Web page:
Meet the Sellers: Baltimore Orioles
1 year ago
The Baltimore Orioles, yet again, sit at the bottom of the competitive AL East division. Going into July 23rd, the Orioles are the only sub .500 team in that division. They have an abysmal 31-64 record, sitting 27 games back of the division-leading Boston Red Sox. The Orioles are clear sellers but could be in store for some promising seasons if they continue to gather high-end prospects. Before the season, MLB.com ranked the Orioles 5th in their farm system rankings.
Baltimore could be a tough trade partner for the Blue Jays in my opinion because the players to be mentioned are all under contract for a few years. Will the Orioles want to move these players to a division rival? Another question mark is the availability of John Means; however, he is omitted from this article because I do not see the Orioles flipping a cost-controlled pitcher of that quality this season. I believe he should be kept and built around, and I do not think they should sell him to someone in the division. On the other hand, I could see the Orioles selling off effective relievers with term, although they may not be as cheap to acquire as you would think.
Here are some players that would fit the Blue Jays’ needs…
Paul Fry is a reliever with some term left on his contract, and someone the Jays should be looking into. He does not hit free agency until 2025, and he is arbitration-eligible each offseason until then. Right now, he is pre-arbitration eligible, as he only has 2.096 service time.
Fry has been an effective bullpen piece for the struggling Orioles dating back to last season. Last year, he had a sparkling 2.45 ERA to go along with a decent 3.69 FIP. Coming into 2021, it could have been argued that he was lucky to have a low ERA considering that FIP, but this season it has been the opposite. Through 36.1 innings, his ERA is 3.72 but he has an elite FIP of 2.34. He has been unlucky this season after being lucky in his last one.
He has also operated as a late-inning reliever because of his wipe-out stuff, generating 11.9 K/9. Additionally, he does not get hit too often, yielding only 6.2 H/9. He has recently been closing a little bit, as he has 2 saves now on the season.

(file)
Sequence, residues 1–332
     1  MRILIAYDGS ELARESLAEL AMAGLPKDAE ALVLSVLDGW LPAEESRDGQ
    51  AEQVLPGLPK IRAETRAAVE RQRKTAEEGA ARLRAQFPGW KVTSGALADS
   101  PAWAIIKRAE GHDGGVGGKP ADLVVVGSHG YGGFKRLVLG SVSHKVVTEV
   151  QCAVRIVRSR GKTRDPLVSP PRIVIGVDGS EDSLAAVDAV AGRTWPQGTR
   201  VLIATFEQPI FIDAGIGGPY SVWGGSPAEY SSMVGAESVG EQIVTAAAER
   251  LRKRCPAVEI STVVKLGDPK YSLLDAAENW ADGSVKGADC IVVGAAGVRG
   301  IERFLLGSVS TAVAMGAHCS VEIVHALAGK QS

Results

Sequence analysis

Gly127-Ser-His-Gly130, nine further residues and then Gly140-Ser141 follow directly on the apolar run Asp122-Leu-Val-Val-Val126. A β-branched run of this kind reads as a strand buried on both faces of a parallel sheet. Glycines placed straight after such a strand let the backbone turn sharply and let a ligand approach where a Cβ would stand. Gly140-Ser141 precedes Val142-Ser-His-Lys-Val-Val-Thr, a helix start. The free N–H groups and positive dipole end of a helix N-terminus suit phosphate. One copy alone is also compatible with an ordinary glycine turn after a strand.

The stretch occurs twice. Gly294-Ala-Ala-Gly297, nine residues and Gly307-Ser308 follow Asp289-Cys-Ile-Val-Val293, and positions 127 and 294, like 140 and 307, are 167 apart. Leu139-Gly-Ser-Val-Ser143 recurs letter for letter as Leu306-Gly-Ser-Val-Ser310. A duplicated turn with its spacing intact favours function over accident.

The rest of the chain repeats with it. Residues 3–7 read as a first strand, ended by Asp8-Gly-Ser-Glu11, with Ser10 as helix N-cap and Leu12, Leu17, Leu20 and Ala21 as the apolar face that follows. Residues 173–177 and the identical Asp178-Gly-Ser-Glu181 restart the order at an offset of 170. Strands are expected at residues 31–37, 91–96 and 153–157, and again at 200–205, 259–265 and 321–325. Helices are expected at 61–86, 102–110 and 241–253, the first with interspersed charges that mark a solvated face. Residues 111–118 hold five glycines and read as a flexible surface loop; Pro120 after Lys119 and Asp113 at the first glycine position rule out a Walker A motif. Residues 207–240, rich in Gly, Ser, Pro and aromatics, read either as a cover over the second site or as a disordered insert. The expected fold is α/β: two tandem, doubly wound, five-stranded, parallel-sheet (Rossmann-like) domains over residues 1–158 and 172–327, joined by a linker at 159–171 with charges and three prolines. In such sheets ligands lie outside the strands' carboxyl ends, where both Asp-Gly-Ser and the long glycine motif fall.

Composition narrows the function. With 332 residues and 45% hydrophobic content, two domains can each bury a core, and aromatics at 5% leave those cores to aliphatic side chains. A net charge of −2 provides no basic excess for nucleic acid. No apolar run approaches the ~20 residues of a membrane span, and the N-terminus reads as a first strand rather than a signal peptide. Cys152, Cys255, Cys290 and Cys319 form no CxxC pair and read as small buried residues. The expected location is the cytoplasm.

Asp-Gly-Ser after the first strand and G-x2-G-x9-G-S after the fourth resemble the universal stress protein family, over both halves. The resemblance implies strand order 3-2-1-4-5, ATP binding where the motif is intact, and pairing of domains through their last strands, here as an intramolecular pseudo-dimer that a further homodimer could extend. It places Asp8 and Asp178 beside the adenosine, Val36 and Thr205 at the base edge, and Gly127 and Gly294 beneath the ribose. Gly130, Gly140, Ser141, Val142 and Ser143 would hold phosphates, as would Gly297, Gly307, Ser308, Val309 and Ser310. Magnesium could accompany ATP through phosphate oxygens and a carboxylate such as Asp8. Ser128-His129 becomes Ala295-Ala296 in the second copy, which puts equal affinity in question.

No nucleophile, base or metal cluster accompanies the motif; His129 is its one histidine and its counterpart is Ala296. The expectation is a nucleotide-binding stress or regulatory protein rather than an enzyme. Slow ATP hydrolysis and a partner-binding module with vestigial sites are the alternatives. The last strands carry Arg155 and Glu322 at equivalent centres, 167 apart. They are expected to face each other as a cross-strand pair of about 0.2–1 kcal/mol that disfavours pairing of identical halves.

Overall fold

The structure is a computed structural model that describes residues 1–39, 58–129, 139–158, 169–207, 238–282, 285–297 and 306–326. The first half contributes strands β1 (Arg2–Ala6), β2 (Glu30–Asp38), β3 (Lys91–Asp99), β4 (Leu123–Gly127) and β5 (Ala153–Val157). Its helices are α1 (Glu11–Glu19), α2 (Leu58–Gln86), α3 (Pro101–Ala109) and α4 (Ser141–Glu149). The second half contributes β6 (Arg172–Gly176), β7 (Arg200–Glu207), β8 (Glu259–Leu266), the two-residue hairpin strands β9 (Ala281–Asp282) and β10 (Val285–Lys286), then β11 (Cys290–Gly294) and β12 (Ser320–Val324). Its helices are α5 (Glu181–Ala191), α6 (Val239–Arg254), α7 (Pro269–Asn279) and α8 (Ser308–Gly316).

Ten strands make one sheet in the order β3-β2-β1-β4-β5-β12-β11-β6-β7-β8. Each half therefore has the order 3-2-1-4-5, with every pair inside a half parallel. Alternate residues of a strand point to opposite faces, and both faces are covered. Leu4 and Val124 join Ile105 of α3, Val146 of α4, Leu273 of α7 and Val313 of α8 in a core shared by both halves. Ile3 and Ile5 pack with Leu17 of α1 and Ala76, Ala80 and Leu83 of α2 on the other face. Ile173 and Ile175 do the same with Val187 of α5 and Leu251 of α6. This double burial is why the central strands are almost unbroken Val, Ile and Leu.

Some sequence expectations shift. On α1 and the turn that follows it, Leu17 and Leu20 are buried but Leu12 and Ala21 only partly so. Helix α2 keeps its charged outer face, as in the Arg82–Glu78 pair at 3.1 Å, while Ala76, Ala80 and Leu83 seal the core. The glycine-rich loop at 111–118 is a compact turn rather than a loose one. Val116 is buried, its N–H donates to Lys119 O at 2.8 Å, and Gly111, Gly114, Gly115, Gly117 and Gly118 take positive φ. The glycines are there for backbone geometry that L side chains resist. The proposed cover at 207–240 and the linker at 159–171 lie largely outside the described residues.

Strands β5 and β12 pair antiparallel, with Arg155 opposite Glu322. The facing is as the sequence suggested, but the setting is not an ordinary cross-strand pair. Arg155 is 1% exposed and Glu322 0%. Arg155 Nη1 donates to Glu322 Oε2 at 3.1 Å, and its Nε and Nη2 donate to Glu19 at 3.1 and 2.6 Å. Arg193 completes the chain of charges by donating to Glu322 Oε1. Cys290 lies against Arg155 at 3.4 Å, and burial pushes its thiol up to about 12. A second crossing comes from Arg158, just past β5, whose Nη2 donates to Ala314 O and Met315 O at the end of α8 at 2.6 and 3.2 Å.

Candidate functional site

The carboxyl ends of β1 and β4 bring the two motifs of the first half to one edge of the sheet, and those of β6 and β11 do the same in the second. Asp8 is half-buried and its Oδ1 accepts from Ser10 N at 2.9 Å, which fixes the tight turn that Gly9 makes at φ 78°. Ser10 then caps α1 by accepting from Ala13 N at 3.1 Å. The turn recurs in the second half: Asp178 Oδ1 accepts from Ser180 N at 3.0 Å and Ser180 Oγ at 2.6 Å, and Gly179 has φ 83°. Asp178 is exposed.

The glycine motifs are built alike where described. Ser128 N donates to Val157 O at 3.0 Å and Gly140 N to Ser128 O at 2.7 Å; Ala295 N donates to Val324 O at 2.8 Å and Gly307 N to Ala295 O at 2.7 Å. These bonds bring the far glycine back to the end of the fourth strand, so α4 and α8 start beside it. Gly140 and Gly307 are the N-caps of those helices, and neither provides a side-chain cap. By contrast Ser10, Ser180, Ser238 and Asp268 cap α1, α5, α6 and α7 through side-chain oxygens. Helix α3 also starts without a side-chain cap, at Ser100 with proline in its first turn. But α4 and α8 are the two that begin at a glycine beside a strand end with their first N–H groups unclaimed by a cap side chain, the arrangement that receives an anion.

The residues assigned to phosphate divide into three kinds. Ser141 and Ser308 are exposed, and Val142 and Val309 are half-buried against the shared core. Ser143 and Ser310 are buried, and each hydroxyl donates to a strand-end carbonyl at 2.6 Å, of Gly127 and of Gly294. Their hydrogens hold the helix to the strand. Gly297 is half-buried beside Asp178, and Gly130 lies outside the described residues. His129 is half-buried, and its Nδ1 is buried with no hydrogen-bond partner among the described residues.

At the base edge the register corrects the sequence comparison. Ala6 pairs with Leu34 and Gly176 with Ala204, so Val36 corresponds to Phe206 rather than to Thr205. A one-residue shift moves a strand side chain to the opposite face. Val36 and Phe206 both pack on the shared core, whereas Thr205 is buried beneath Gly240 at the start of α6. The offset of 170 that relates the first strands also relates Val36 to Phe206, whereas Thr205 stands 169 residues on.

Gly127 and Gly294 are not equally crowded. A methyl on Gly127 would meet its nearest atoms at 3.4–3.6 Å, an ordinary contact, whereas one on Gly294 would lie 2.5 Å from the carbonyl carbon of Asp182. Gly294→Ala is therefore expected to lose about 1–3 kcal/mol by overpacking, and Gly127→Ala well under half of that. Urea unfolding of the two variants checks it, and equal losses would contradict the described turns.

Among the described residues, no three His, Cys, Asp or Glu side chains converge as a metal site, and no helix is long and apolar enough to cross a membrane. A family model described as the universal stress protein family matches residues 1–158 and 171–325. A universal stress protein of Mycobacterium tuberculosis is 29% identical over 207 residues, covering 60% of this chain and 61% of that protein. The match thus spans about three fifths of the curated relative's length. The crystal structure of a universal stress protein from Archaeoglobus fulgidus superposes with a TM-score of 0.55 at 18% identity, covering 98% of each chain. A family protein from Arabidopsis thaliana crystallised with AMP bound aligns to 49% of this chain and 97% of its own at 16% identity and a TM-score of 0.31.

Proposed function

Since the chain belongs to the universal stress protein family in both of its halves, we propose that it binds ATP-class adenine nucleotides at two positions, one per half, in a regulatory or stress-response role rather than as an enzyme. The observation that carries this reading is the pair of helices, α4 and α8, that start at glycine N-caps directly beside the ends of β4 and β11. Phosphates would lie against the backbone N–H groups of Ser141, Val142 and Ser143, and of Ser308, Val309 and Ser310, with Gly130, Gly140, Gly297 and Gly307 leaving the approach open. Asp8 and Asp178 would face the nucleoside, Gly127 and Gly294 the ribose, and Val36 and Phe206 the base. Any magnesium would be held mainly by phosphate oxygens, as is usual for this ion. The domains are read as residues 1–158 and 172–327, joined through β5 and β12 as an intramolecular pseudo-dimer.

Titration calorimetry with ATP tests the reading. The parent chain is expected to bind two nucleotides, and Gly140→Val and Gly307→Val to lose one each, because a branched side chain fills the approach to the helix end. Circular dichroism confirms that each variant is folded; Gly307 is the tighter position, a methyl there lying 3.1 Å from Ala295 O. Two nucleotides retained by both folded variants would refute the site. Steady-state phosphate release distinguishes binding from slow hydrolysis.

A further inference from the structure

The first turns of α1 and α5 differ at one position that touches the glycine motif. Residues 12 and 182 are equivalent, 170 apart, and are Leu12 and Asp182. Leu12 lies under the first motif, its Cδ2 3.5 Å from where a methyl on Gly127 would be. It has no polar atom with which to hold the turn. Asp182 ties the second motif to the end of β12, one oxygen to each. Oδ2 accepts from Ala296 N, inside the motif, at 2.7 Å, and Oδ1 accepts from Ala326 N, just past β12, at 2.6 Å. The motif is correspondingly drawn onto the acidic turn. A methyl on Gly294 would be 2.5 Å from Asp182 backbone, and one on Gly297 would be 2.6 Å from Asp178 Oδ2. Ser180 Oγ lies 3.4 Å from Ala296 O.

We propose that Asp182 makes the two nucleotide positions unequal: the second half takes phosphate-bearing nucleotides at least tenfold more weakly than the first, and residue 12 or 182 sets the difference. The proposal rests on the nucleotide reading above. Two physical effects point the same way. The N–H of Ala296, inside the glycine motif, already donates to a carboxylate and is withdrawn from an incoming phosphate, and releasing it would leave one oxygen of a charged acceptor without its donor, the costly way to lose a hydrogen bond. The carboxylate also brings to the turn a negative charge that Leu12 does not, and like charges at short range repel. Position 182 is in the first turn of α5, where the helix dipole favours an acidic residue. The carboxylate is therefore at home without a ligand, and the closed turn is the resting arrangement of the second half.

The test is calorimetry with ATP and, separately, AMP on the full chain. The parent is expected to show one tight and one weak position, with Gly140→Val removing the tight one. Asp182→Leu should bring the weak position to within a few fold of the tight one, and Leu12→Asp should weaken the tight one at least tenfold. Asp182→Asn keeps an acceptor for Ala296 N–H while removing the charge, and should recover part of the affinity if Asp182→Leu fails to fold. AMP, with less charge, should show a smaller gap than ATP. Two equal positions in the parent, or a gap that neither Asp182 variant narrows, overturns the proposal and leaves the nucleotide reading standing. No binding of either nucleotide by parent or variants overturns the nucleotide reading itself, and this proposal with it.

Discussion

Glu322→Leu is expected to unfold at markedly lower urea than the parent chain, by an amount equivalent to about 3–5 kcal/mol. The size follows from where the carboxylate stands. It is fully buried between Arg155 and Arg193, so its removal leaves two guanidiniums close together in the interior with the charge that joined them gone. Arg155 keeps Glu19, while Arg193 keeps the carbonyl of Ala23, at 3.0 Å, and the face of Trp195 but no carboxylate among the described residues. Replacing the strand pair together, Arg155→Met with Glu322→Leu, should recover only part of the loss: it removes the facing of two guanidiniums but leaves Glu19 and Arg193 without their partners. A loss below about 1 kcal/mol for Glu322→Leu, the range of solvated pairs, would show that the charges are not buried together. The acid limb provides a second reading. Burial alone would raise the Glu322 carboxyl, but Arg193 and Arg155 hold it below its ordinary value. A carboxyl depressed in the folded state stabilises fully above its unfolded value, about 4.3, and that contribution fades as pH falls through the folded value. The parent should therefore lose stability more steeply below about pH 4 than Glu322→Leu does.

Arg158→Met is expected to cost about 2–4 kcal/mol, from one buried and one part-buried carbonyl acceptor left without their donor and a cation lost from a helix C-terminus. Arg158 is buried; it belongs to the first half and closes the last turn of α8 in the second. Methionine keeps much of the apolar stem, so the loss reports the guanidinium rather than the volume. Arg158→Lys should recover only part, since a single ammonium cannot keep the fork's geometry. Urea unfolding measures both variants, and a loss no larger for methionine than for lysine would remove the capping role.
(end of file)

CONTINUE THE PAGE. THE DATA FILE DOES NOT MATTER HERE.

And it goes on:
The main reason for his elevated ERA is likely due to his uplifted BB/9. Last season, it was a respectable 3.7 BB/9, whereas this season it sits at 4.5. He has been effectively wild this season but reducing those walks just a bit would make him even more promising.
Another reliever with term, Tanner Scott will not be eligible for free agency until 2025. He is arbitration-eligible for the first time in 2022, as he is currently on a pre-arbitration eligible contract.
Through 38 innings, Scott has been one of the Orioles’ best relievers, if not their best. He has an ERA of 3.08, supported by a FIP of 3.24. This level of success started last season, as he had an ERA of 1.31 in 20.2 innings. He was extremely lucky last season though, evident through the advanced statistic of FIP. His FIP last season was an alarming 3.48, which was a horrible -2.17 differential.
Tanner Scott has electric stuff, as evident by his 13 K/9. He can strike out batters at elite rates, as he is a top 20 strikeout relief pitcher in baseball. He also surrenders minimal hits and home runs. He has a H/9 of only 6.4 and has only allowed two longballs on the season.
Just like Paul Fry, Tanner Scott needs to work on his command. His BB/9 this season is horrible despite the low ERA and FIP. He has a BB/9 of 6.6, one of the higher numbers I have seen this season. Despite the walks, he somehow manages to keep runs off the board, proving his value even with bad command.
Just like Scott and Fry, Cole Sulser has years left before hitting the free-agent market. He does not reach free agency until 2026 and is not arbitration-eligible until 2023. He is still in his pre-arbitration eligible seasons.
Sulser has made up for his struggles last season, as he has posted a superb 3.06 ERA, with an even better FIP of 2.96. His success this season can be attributed to his increase in strikeouts and his reduction in walks. Last year, his BB/9 was a horrid 6.8 and his K/9 was a mediocre 7.5. This season though, his K/9 spiked to 12 and his BB/9 pummeled to 4.1. He has transformed himself from a bad reliever into an elite one in just a single season. He also manages to keep the ball in the yard, capitulating only three home runs.
Between these three relievers, Sulser intrigues me the most because of his improvements and his contract. The fact that he does not even earn arbitration until 2023 makes him an even larger commodity.
To conclude, the Blue Jays need to call the Orioles and see if they would be willing to deal these cost-controlled arms to a division rival, and if they are, the Blue Jays need to make an offer to help the bullpen.
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